CECIMO participates in the expert workshop on skills for the high-tech economy, 22/09/2016, Brussels

27 September 2016

CECIMO participated in the expert workshop on skills for the high-tech economy organised by DG GROW to present a best practice case from the European machine tool industry. Representatives from initiatives and multi-stakeholder partnerships which have been identified as best practices in Europe were taking part in the workshop. This workshop, the third in a series of four, provided an opportunity for the invited experts to discuss the currents situation, latest and future developments and provide their views and visions as to the future and necessary (policy) actions.
Mr Emir Demircan, CECIMO EU Public Affairs Manager, presented CECIMO’s EU-funded skills initiative, 3DPRISM, during the meeting. He stated the following: “The European machine tool industry invests in new technologies that are shaping the future of the manufacturing sector. An instrumental pillar of this technology move is making sure that the workforce is educated on the latest innovations and possesses the applied skills-set supporting the uptake of new manufacturing systems.” The development of new skills aligned with emerging technologies is, however, not commonly offered by education and training programmes in Europe, so the industry has to take the responsibility for organizing training programs. Under this light, CECIMO and its partners launched a new initiative that aims at providing advanced manufacturers with the sought-after applied skills in the area of 3D printing.  Coordinated by the AMRC Training Centre, University of Sheffield, the initiative, 3DPRISM – 3D Printing Skills for Manufacturing, is a three-year project that was inaugurated under the EU’s Erasmus+ Programme, in December 2015.
The project’s first step was for CECIMO and its partners to gather information on the new skills needed to operate and maintain metal-based 3D printers. This is an important task for the European machine tool industry since companies also train customers on using manufacturing systems and provide extensive maintenance services that require a specific skills set.  According to the project findings, based on online surveys and face-to-face interviews with more than 100 industry representatives, subtractive and additive technologies are complementary, since additively-built parts need to receive a final treatment by subtractive machine tools for high precision. This suggests that the current machine tools workforce can adapt to additive technologies by fine-tuning their existing practical skills for a complementary technology, additive manufacturing.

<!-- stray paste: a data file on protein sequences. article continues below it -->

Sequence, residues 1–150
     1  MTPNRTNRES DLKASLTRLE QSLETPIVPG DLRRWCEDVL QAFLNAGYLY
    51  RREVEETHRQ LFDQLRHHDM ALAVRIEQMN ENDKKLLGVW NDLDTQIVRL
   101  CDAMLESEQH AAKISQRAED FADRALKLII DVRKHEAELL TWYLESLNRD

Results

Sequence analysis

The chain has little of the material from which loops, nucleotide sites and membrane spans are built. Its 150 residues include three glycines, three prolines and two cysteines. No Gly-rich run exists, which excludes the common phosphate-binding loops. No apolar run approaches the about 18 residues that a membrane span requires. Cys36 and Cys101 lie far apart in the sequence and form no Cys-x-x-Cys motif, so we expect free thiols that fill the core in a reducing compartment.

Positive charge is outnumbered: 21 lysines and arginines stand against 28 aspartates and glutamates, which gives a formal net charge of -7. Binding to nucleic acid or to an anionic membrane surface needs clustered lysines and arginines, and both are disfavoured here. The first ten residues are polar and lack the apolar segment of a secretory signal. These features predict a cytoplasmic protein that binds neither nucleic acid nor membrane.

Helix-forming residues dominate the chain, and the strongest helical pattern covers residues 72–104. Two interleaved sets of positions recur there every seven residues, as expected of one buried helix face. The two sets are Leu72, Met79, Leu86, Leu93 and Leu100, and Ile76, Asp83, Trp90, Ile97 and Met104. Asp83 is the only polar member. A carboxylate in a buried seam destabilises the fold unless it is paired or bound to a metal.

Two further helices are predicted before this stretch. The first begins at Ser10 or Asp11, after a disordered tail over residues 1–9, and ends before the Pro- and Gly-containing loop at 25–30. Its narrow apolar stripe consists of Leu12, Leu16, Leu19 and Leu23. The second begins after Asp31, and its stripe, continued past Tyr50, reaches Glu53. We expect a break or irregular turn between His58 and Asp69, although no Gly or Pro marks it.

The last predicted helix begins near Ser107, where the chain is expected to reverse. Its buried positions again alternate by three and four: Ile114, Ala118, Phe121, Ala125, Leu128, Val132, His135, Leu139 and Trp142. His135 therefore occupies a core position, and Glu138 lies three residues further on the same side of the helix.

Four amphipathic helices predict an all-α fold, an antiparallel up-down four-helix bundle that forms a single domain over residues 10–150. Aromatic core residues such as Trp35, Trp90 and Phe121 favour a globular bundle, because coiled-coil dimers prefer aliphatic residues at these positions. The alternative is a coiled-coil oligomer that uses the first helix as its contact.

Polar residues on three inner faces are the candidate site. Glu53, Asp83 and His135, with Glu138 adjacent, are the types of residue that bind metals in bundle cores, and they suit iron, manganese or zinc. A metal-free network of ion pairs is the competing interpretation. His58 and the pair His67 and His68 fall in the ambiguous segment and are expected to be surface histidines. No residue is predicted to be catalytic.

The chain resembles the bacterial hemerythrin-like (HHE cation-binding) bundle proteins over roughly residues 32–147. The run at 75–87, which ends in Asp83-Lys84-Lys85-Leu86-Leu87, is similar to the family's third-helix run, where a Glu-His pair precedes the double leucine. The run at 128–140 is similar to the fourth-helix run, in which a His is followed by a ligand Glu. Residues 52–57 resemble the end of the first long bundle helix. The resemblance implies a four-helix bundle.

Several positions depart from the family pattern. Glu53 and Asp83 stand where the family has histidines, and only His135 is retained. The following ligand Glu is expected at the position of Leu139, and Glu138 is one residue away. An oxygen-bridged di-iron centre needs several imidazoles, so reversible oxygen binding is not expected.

That being said, there are also areas complementary to the operation of machines where special training programmes are required for the workforce dealing with additive technologies. These are the issues surrounding health and safety as well as the maintenance of AM systems. In fact, the industry experts contacted by the 3DPRISM partnership say that finding trained workforce with the competences required for a safe additive manufacturing working environment is a challenging issue. Using and maintaining AM systems safely require specific competences including material (e.g. metal powder) handling and storage, disposal of waste and utilization of personal protection equipment. For example, AM systems need regular maintenance by a technician from the vendor company to prevent potential machine break-down and this service can be only delivered by competent personnel who is trained on AM safety. In parallel to such findings, the 3DPRISM consortium expects to find what will be the specific training and expertise needs of the new and upcoming job profiles such as AM health and safety officer, AM powder metallurgist and AM maintenance technician.
In the next months, the 3DPRISM partnership, based on the above-mentioned findings, will design a new training program on 3D printing technologies and gather relevant learning materials which will be available through an e-learning platform for the advanced manufacturing workforce. The project is also expected to provide policy-makers with the sectorial insights they need for designing policies and programmes boosting the competitiveness of European machine tool companies and the employability of its workforce.
For further information on the 3DPRISM project: Opens external link in new windowwww.3dprism.eu